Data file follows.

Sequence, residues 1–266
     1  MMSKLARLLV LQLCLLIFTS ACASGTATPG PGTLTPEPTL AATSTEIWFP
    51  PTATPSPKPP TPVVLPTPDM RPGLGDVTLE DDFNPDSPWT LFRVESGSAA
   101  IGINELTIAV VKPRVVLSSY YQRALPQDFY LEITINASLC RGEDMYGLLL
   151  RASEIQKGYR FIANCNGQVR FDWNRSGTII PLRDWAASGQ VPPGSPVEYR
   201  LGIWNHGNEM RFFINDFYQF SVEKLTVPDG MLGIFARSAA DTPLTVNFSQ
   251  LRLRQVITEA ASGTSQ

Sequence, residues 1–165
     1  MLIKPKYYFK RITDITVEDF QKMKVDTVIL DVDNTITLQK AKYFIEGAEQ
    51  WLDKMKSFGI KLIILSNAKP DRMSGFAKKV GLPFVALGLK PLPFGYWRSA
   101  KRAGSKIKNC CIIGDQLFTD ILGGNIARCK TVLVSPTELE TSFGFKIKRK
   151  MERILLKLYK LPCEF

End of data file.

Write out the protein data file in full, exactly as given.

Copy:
Sequence, residues 1–266
     1  MMSKLARLLV LQLCLLIFTS ACASGTATPG PGTLTPEPTL AATSTEIWFP
    51  PTATPSPKPP TPVVLPTPDM RPGLGDVTLE DDFNPDSPWT LFRVESGSAA
   101  IGINELTIAV VKPRVVLSSY YQRALPQDFY LEITINASLC RGEDMYGLLL
   151  RASEIQKGYR FIANCNGQVR FDWNRSGTII PLRDWAASGQ VPPGSPVEYR
   201  LGIWNHGNEM RFFINDFYQF SVEKLTVPDG MLGIFARSAA DTPLTVNFSQ
   251  LRLRQVITEA ASGTSQ

Sequence, residues 1–165
     1  MLIKPKYYFK RITDITVEDF QKMKVDTVIL DVDNTITLQK AKYFIEGAEQ
    51  WLDKMKSFGI KLIILSNAKP DRMSGFAKKV GLPFVALGLK PLPFGYWRSA
   101  KRAGSKIKNC CIIGDQLFTD ILGGNIARCK TVLVSPTELE TSFGFKIKRK
   151  MERILLKLYK LPCEF